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[CHART] How Today’s Crash in Commodity Prices Compares to 1999

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Commodity prices just hit their lowest level of the 21st century.

The Bloomberg Commodity Index, which tracks the movement of 22 raw materials and their underlying futures contracts, tumbled 1.5% to 86.96 points this morning (Monday). The index hasn’t sunk that low since Aug. 26, 1999, when it hit 86.30.

Here’s how the index has trended from 1999 to now:

commodity pricesThe index’s most heavily weighted components are natural gas, crude oil, and gold. Futures for these commodities have fallen 1.5%, 4.4%, and 0.5% since Friday.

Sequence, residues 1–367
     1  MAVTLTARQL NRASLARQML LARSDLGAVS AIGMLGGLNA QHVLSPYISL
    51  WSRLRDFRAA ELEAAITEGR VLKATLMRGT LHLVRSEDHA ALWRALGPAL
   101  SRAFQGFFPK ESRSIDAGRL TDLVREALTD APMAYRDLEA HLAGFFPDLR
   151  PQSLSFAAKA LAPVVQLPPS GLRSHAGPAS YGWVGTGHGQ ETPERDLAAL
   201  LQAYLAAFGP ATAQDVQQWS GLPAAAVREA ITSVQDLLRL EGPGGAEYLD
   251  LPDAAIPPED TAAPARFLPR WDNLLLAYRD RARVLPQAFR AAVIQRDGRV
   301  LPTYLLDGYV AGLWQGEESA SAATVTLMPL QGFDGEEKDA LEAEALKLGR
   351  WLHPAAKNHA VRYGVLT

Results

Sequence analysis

“Sentiment is extremely negative across the commodity complex,” noted Mark Keenan, head of commodities research for Asia at Societe Generale SA in Singapore, in an e-mail toBloomberg. “Markets are plagued by concerns of oversupply.”

All commodity prices retreated today as investors panic over slowing demand in China. The world’s second-largest economy and leading consumer of energy, grains, and metals saw the benchmark Shanghai Composite Index plummet 8.5% on the day. That’s China’s worst single-day stock market loss since 2007.

The current commodity price crash marks the first significant slump since the peak of the 2008 financial crisis. The commodity index fell nearly 60% during the last half of 2008. Prices have slowly been declining since they hit a post-recession peak in early 2011.

But oil is dragging the index down the most. In fact, Brent oil prices cratered to their lowest levels in over six years this morning.

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